Just 7% of Americans say race should be a major factor in college admissions, while 19% say it should be a minor factor.
Looking for a new religious congregation is common in the U.S. But how likely Americans are to look for a new church varies by their education and income levels.
Today’s 6- to 21-year-olds are already America’s most racially and ethnically diverse generation – and more of them are heading to college than previous generations.
Newsroom employees are more than twice as likely as other U.S. workers to be college graduates. But they tend to make less money than college-educated workers in other industries.
In 2016, 17.2% of U.S. immigrants ages 25 and older had a bachelor’s degree and another 12.8% had attained a postgraduate degree. Both shares are up since 1980.
A projected 50.7 million pre-K-12 students will return to the classroom in U.S. public schools this fall. As the school year gets underway, read key findings about America’s students and their experiences.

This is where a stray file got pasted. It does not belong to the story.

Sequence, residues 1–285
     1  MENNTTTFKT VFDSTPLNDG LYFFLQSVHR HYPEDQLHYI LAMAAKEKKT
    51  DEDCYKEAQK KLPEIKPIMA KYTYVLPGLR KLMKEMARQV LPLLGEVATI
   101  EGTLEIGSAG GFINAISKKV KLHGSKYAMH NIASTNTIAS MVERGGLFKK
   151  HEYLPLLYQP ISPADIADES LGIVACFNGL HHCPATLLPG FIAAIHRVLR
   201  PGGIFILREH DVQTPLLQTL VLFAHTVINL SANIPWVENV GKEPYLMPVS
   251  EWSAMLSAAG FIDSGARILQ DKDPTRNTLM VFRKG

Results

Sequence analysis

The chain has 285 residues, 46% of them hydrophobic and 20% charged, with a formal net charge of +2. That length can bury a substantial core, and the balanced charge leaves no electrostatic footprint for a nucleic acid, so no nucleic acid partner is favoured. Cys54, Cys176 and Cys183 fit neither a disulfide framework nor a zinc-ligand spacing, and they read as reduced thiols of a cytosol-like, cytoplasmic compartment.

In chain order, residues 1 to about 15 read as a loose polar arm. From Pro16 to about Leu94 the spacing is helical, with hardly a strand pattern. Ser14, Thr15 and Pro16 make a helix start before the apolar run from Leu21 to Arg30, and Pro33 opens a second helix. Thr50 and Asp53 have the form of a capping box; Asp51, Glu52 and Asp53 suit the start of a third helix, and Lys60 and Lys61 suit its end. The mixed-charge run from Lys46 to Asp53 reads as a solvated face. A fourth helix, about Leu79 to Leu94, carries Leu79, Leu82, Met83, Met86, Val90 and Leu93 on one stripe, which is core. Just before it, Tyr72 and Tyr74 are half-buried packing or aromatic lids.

About six-in-ten Americans say higher education in the United States is going in the wrong direction. Republicans and Democrats are worlds apart on why.
A record 276,500 foreign graduates received work permits under the Optional Practical Training program in the U.S. in 2017, up from 257,100 in 2016.
Muslim societies have gained a reputation in recent decades for failing to adequately educate women. But a new analysis of Pew Research Center data on educational attainment and religion suggests that economics, not religion, is the key factor limiting the education of Muslim women.
Details on the 113 metro areas that had 2,000 or more foreign students approved for the U.S. government's Optional Practical Training (OPT) program from 2004 to 2016.